I usually do get to play the very sweet, charming roles... but I'm not an obvious kind of villain.
I love a bit of a sequin and a bead. I do, even though I usually wear trousers, when I put a frock on. I like a bead or a sequin.
We're becoming so much better at destigmatizing all sorts of things, including mental illness in 'Silver Linings.'
They call David O. Russell the actor whisperer because he can get stuff out of actors that maybe some other directors can't.
The eyes are the windows of your soul, and when you're acting, they're one of your most important instruments. Especially for close-ups!
It's one of the functions of the theater to shock and titillate and appall, apart from entertain and delight.
It's a very generous culture, American culture. I know you can't generalize 300 million people, but everyone I've met here has been so lovely to me.
No, I'm so well-known at home I think they think of me like a piece of comfortable furniture that's always been around that they're not going to throw out.
It's funny in the U.K., where I'm not really known because I never did a soap. My English cousins in the Lake District think I'm not a real actor because they've never seen me in Home and Away (1988) or Neighbours (1985).
It's a basic tenet you learn at drama school. If you're playing someone evil, you can't make an objective moral judgment. You've got to get inside the character and empathize as much as possible.
I love when I am not typecast. I've been acting for 50 years. I was such a baby face; I was playing children until I was in my 30s, which frustrated me enormously. Now that I am 65 and getting to play women in their 50s, I am getting paid back for having to play children for so long.
I do a lot of American plays. I've done a lot of Arthur Miller, Tennessee Williams and Neil Simon. I was in 'Sisters Rosensweig,' 'Six Degrees of Separation,' all of that stuff. So we're very familiar with America. I did 400 performances of 'Born Yesterday.' I did 700 performances of 'They're Playing Our Song.'
I live for my work, apart from my family who come first. And I live to tell stories and pretend to be other people, it's something I've been doing since I was 3 years old. Maybe it's because I'm intrinsically bored with myself, and I find other people more interesting. The more different they are, the bigger the challenge.
I live for my work, apart from my family who come first. And I live to tell stories and pretend to be other people, it's something I've been doing since I was 3 years old. Maybe it's because I'm intrinsically bored with myself, and I find other people more interesting.
Every director's so different. Everybody has their own modus operandi and I love getting to know different directors in the way they work. David O. Russell is very exciting to be with because he's got a mind like quicksilver.
A lot of actors, whatever movie you're working on, you make up a back story just for your own, to work off, even if the audience doesn't have it revealed to them. I think it's important that the audience makes up their own mind.
Sexism is alive and well! We were saying this forty years ago. I'm an optimist, so I like to think we've progressed in some ways - in Australia, we get equal pay.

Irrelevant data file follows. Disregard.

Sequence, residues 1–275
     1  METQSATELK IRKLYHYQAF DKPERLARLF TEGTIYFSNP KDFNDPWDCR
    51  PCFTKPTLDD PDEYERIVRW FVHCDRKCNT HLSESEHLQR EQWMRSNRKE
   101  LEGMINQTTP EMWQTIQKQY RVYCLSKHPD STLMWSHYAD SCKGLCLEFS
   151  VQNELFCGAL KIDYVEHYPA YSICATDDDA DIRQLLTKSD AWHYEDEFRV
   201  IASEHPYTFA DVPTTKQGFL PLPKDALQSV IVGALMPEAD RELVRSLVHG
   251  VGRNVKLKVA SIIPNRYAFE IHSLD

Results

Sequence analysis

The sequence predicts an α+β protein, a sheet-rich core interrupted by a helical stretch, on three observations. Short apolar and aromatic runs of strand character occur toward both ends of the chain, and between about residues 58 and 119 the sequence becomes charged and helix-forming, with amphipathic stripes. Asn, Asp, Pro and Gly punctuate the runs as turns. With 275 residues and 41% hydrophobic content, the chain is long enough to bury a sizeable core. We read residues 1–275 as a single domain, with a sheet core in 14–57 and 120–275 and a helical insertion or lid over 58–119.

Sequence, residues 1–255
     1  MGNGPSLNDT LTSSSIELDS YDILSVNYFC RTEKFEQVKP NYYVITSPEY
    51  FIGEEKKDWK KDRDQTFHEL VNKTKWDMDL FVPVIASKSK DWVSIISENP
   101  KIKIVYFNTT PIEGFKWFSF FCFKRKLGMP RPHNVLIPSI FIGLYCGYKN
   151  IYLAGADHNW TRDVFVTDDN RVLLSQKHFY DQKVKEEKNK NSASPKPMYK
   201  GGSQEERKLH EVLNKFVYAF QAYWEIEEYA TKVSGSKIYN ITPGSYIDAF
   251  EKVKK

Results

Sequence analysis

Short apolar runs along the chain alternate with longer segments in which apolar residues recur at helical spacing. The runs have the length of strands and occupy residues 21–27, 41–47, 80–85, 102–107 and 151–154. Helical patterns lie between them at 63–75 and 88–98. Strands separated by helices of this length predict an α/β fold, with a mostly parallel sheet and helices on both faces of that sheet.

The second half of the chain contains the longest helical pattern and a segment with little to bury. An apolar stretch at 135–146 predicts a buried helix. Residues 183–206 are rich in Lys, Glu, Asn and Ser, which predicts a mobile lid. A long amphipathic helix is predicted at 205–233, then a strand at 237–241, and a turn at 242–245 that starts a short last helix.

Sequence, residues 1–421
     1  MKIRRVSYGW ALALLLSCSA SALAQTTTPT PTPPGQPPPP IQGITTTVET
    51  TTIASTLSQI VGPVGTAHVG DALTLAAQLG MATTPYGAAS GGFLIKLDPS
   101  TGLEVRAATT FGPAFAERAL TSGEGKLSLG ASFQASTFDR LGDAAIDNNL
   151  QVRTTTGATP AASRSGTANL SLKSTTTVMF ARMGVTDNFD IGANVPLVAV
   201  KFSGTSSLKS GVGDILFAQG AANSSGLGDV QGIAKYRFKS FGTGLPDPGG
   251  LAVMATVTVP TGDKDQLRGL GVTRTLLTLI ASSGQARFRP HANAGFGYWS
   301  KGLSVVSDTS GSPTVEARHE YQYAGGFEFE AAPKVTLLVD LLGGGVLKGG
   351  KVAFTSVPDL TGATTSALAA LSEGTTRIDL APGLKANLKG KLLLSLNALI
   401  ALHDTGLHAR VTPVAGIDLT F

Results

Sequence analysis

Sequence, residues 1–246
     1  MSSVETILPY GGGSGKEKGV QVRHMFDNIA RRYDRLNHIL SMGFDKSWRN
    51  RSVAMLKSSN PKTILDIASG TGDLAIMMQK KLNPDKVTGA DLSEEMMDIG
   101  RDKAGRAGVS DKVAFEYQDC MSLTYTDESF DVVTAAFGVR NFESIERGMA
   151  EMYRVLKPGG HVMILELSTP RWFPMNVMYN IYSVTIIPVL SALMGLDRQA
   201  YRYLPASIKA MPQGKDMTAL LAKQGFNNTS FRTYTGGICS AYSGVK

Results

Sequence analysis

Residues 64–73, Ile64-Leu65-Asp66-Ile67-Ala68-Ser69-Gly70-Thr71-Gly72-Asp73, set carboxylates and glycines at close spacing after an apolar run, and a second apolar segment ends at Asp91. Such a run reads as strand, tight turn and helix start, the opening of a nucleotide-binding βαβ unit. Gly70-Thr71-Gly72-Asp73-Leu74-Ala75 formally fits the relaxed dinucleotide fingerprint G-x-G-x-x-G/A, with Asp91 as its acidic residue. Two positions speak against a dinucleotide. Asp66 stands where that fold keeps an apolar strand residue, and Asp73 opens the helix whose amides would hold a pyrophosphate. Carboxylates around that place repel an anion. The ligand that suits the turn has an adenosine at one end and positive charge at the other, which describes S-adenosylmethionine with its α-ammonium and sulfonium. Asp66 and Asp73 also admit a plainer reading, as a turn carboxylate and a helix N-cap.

I've done a lot of plays before where I had to do a New York accent, but never a Philly one before. They do the rhotic 'r' - where you say the 'r' - where most New Yorkers don't.
I've always said about awards that they're meaningless until you win one, and then they're best thing in the world. The other thing about awards is that they engender respect from areas where it might never have come from without it.
I was sent the script for 'Silver Linings' when I was doing a play in D.C. at The Kennedy Center with Cate Blanchett and I was sent the script and asked if I was interested, and I said 'Oh, boy am I!'
I love pretending to be other people. The more unlike me they are the better - I find other people endlessly fascinating and myself incredibly boring.
I love gay Mardi Gras in Sydney, which is a big parade, a big march that thousands and thousands of people participate in. And there's one little group... well it's not little, it's got hundreds of people marching, and they're all very sweet, middle-aged and elderly people who are the parents of gay children who are out and proud.
This friend of mine said he was surprised to find that - I don't think it's quite a majority - a bigger percentage of actors are introverts than extroverts. It was a big surprise to him. Now, I know me, and I'll do anything if I'm playing a character. Or anything that's true to the character, anyway. But in real life I'm a little more withdrawn.
It wasn't on my agenda, but the thing about getting important awards is it makes the adventure of your career have a little more possibility. I think just what's happened so far is already making the opportunities more interesting, even though I'm at the twilight of my career of like 48 years.
I've had my share of villains and played some fairly nasty characters. But I've been acting for so long. I started out as the girl next door. Now I'm the grandmother next door.
I've had five weddings but if I'm really honest and if I count significant de factos... I've had nine husbands... which sounds appalling but when you consider I started at 18 and I'm 65 it's not so bad.
When I was seven, I wanted to be Esther Williams. I was drummed out of Brownies because I snuck off to the cinema to watch an Esther Williams festival - my greatest wish if I get to Hollywood is to meet her.
Well, I've been acting for 50 years now, professionally. I've been acting a lot longer. My mother reckons I was acting when I got out of the womb. But because I've been working in the theater, I've probably only done about 25 movies but I've done more than 100 plays.
I'm what you could politely say is, 'the smallest fag hag in Australia'.